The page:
While the cause of last week's Flacon 9 explosion is still unknown, we do have four articles in this issue about the incident - each with careful analysis. You will also find news about the Model 3, Tesla's push to achieve GAAP profitability in Q3, and more.
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"Hitchhiker's Guide to the Galaxy taught me that the tough thing is figuring out what questions to ask"
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Elon Musk has declared the Falcon 9 disaster, which made headlines earlier this month when it destroyed a Facebook satellite, SpaceX's "most difficult and complex failure" in its 14-year history. Early Friday, Musk took to Twitter and reached out to NASA, the FAA, the U.S. Air Force and anyone else who may have information relating to the disaster. Anyone who took a recording of the event has been invited to send the footage to email@example.com.
Although the explosion remains a mystery, Musk may have a lead. Noting a quiet bang that can be heard moments before the incident, Musk tweeted that he is seeking to find out the origin of the noise, presumably in the hope that it would lead to an explanation.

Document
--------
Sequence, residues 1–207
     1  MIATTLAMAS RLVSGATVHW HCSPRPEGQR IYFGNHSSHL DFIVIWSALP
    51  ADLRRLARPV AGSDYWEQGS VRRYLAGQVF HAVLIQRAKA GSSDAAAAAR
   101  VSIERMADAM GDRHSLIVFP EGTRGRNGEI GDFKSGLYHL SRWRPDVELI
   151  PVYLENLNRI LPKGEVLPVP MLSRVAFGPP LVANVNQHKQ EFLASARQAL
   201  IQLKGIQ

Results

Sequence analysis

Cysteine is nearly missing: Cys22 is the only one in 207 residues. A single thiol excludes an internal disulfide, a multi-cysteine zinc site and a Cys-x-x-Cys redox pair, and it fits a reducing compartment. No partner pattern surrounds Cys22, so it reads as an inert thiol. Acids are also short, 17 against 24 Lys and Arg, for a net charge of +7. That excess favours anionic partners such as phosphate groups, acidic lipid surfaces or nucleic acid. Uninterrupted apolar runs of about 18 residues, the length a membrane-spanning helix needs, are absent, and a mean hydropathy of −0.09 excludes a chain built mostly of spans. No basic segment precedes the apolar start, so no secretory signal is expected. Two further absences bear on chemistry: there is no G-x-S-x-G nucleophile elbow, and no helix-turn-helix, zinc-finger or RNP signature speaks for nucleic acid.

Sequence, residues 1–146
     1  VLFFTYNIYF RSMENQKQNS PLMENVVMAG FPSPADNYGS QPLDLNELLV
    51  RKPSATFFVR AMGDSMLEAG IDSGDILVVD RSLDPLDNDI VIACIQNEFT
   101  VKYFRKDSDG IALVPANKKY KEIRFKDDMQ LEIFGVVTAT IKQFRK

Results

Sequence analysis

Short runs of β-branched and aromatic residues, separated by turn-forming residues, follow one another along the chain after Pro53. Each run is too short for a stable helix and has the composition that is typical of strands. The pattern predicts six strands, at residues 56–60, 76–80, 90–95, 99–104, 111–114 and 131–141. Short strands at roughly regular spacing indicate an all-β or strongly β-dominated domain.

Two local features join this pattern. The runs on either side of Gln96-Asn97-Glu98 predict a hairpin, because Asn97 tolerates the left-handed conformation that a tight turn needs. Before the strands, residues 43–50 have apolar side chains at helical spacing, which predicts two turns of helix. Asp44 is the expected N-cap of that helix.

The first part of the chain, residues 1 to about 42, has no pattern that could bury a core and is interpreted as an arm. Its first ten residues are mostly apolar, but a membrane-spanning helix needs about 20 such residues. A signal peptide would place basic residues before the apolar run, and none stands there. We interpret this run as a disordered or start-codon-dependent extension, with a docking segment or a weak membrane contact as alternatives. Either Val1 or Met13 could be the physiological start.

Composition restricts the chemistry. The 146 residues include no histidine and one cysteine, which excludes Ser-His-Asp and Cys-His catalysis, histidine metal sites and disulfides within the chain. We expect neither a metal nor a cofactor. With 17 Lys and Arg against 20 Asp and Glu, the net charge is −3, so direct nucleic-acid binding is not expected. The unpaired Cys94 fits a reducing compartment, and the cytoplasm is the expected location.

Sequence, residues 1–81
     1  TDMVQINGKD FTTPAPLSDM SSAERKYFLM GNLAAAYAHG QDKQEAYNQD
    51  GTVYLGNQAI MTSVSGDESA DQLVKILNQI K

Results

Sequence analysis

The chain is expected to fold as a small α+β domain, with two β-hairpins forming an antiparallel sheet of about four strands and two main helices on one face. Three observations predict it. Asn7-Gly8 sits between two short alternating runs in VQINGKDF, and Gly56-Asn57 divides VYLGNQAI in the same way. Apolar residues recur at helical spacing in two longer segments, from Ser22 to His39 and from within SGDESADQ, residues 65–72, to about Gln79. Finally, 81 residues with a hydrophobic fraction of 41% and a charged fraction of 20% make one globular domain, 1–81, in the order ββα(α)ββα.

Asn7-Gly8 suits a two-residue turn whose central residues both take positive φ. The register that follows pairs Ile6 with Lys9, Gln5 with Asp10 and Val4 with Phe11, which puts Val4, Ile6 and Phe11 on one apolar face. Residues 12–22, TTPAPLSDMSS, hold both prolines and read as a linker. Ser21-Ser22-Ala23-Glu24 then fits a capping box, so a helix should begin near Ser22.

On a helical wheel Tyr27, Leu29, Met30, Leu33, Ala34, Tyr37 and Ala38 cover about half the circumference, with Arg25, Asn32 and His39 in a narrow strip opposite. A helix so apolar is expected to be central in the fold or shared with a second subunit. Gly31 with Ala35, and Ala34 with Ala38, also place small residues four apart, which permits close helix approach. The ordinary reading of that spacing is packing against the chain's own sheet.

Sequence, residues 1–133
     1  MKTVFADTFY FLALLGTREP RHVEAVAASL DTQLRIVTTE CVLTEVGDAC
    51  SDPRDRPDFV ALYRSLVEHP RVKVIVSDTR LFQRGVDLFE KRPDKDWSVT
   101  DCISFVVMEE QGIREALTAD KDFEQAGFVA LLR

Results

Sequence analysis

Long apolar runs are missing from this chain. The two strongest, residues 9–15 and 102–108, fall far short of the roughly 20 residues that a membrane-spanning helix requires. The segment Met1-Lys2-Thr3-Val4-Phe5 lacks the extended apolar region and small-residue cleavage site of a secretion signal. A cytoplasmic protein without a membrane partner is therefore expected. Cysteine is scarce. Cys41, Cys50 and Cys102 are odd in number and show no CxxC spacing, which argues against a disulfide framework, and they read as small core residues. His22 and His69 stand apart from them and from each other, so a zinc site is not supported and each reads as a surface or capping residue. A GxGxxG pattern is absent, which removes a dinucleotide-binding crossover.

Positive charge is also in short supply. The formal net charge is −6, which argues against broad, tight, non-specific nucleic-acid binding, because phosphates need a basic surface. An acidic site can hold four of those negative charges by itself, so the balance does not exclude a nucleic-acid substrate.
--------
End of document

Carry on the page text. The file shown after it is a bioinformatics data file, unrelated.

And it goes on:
In the absence of further hard facts, rumors have swirled. Critics of private space ventures and those with a vested interest in maintaining the status quo are celebrating and embracing timidity. They are pointing to this launch failure and those of other commercial firms (Orbital ATK, Virgin Galactic) as evidence that space entrepreneurs are "moving too fast." Such pessimism is ironic coming from a launch industry that is supposed to be all about the future but that has, in fact, been stuck in the same operating mode for decades.
Much ado has been made over the destruction of the $200 million Amos-6 satellite but, as is routine, that payload was insured against this sort of event because, well, bad stuff happens to spacecraft. Rockets are perhaps the most complex machines ever developed. The engineering challenges are so staggeringly complex that setbacks are inevitable. In fact, industry experts are fond of saying "space is hard" and often use a 10 percent failure rate as a "rule of thumb."
What caused the failure remains unknown. In a statement late September 2, just before a three-day holiday weekend, SpaceX said it was "in the early process of reviewing approximately 3000 channels of telemetry and video data covering a time period of just 35–55 milliseconds" around the time of the explosion (or "fast fire," as SpaceX founder Elon Musk described it on Twitter.) An accident investigation team that included SpaceX, the FAA, NASA, and the Air Force were studying that data, the company said.
Ground crews could face months of cleanup and repairs to SpaceX's primary launch pad at Cape Canaveral after a rocket explosion wrecked the facility last week, but officials said that other pads in Florida and California could support Falcon 9 flights when the booster is ready to blast off again.
Robert Cumberford, a long-time car designer turned design critic, turned his sharp critical skills to the Tesla Model 3 for his 'By Design' column this week. While Cumberford had a prolific career as a rcar designer, he is now best known as a respected car design critic writing for Automobile magazine.